Real Estate Guide

Who Is Responsible For Damages If A Car Drives Through Your House?

Imagine you're minding your own business, and a car swerves off the street and into your house. It's natural to get confused, shocked, and terrified. Although it is an uncommon event, it can occur. It may also inflict considerable damage to both property and the occupants of the house.

Most people have never found an automobile in the center of their living room, so it's tough to know how to react in such an unexpected scenario. After determining that everyone is okay, you may begin to ponder who will pay for the repairs to your home.

Similar to a vehicle crash, the motorist who caused the collision will be held accountable for the damages. Your homeowner's insurance may cover losses over the other driver's policy limit, or you could file a lawsuit.

Why do cars crash into houses?

Cars sometimes collide with residences, land in pools, and destroy homeowners' gardens and mailboxes. Some of the reasons for these incidents are similar to car accidents:

  • Tired drivers
  • Medical emergencies and occurrences
  • Defective vehicle components
  • Unfavorable weather conditions
  • Roadside hazards
  • Inadequate road design
  • Distracted driver
  • Impaired or drunk driving

Insurance companies are infamous for underpaying settlement claims, and you may not obtain the amount needed to cover the losses unless you fight for it. You should talk with an attorney regardless of the reason for your crash to ensure that you receive fair compensation.

What should I do if a vehicle crashes into my house?

Here's what you should do right away following the crash:

  1. Call 911 if you see anything on fire. If it's safe, turn off the gas main at your house. Remove everyone from the house.
  2. Check to ensure that everybody is safe.
  3. Report the accident to the police and, if necessary, request assistance. Respond to their queries and remain on the scene.
  4. Obtain the driver's insurance details, contact information, license number, and the make and model of the vehicle.
  5. Take videos or photos of the scene of the accident and the damage caused to your property, and ask witnesses if they saw the accident. If possible, obtain their contact information.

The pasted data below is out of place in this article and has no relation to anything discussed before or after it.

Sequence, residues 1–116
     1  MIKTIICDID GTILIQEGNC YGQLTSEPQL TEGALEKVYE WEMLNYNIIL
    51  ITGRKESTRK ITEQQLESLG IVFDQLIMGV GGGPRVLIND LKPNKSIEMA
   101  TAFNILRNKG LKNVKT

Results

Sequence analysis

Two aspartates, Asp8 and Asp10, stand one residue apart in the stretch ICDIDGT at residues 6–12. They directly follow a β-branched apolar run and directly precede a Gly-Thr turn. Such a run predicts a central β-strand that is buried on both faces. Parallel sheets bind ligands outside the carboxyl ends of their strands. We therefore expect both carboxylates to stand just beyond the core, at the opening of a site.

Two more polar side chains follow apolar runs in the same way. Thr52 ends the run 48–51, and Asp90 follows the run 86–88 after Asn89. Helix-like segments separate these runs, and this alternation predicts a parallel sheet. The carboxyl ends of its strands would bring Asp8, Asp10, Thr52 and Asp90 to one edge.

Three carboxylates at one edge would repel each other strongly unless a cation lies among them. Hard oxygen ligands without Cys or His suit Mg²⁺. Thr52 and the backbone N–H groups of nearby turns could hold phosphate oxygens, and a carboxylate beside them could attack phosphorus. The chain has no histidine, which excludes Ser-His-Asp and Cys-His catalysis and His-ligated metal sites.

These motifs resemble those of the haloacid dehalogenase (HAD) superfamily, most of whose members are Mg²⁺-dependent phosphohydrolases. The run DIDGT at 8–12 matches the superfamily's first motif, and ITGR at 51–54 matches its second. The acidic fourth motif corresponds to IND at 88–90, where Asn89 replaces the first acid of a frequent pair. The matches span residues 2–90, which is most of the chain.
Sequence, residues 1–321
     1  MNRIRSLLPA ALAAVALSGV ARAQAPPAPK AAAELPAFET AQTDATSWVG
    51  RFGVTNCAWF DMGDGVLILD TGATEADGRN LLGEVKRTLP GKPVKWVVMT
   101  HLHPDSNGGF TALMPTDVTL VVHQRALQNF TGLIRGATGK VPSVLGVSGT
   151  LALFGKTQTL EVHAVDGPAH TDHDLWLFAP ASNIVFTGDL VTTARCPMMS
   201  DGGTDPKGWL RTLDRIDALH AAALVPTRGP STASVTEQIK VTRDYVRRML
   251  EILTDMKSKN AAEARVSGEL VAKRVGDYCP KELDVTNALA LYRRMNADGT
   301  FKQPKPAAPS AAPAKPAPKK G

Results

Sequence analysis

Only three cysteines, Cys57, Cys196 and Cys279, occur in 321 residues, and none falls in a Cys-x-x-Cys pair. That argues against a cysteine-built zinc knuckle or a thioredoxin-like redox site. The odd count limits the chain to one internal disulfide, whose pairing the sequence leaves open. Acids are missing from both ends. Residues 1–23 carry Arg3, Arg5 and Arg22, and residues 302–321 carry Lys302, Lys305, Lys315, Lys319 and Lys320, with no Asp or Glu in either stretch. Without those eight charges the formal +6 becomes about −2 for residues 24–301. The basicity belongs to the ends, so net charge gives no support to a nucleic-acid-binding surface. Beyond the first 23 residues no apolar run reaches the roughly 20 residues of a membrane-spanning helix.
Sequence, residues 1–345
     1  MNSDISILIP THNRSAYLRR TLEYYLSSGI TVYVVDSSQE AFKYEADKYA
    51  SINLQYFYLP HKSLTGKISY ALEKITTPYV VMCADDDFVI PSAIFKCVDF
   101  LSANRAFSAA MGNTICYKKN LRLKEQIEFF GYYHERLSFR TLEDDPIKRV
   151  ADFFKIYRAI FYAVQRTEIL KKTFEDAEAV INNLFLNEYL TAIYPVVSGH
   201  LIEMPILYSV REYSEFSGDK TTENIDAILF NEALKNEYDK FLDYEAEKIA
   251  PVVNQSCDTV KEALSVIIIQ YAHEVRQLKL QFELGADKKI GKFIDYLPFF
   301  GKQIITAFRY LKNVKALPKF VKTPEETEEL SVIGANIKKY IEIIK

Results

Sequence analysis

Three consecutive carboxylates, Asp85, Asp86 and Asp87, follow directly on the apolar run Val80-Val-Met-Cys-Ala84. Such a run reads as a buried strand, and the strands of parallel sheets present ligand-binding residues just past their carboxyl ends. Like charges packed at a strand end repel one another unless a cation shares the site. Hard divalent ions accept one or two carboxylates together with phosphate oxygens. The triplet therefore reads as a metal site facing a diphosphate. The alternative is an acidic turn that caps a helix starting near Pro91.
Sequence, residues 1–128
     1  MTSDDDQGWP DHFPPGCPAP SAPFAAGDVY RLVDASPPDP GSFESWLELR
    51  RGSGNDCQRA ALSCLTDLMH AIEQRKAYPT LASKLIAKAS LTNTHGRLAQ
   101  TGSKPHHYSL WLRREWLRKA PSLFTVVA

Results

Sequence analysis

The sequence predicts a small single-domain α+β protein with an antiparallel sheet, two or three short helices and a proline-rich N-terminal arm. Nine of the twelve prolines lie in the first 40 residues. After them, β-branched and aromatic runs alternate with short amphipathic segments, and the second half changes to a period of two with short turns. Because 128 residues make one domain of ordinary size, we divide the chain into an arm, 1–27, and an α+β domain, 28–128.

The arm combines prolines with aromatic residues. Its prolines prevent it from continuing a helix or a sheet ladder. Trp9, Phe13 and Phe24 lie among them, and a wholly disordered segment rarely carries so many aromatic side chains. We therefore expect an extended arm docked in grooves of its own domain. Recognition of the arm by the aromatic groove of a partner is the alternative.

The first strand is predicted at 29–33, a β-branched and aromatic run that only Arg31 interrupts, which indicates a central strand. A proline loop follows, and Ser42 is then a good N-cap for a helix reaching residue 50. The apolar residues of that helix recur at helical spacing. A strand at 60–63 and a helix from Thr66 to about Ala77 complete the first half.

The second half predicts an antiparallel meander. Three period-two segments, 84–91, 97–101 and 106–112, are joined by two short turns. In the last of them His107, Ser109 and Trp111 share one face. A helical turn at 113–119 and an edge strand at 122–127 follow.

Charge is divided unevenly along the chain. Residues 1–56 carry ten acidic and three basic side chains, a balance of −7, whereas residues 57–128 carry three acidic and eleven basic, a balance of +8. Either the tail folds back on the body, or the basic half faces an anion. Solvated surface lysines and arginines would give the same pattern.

6. Consult with a lawyer to determine the best course of action.
  7. Take precautions to safeguard your house and, if necessary, hire a repair firm to securely board up the walls or damaged windows.

How does insurance cover a car that damages your house or property?

If an automobile causes damage to your home, either the motorist or the vehicle owner is usually accountable, providing they are at fault. However, different rules can apply in “No Fault Accident” states.

If the motorist's insurance coverage is insufficient to pay for damages, or if they are uninsured, you may be able to submit a claim under your homeowner insurance policy. However, before filing a claim, it's a good idea to receive a repair quotation from a certified specialist to confirm the extent of the damage exceeds your deductible.

If the driver is uninsured, who pays for the damage?

If a car hits your house and the motorist is uninsured, your home's insurance may pay for the damage; nevertheless, you may be liable for paying the deductible. You could sue the uninsured motorist, but even if you win, you may be saddled with legal expenses and receive no compensation for years.

Remember that if the repair expenses are less than your deductibles, your policy may not cover them. Check with your insurance company or agent to ensure that your coverage will cover the damage. You should also obtain a repair quote from a skilled specialist to ensure that the repair cost does not exceed your deductible. If the repair expense exceeds your deductible, filing an insurance claim is usually worthwhile.

What are the chances that a car crashes into your home?

If your house is located away from the street, the chances of someone colliding with it are low. The risk, though, increases considerably if you reside near a busy road or on a steep bend. A distracted driver, inclement weather, and a variety of other variables can all contribute to a car losing control and hitting your property. The most probable situation is that your fence or mailbox will be damaged.

Even if the damage to your home appears minor, make sure to photograph it properly. If the damages are severe, the settlement amount may be required to pay for more than simply repairs.

What if I caused the damage?

If you are the at-fault driver, whether it was by knocking over the mailbox or reversing into the garage door, your vehicle insurance will most likely not cover it, and you may be accountable for the out-of-pocket costs. If the property damage exceeds your deductible, filing a claim with your home's insurance may be worthwhile. Confirm with your insurance or broker that your coverage will pay for the damages.

Find Out What Your Legal Options Are If a Car Hits Your Property

If your home was destroyed in an automobile accident, you have the lawful right to seek compensation for all your losses. A vehicle accident lawyer will explain your legal choices and assist you in understanding your rights.

 
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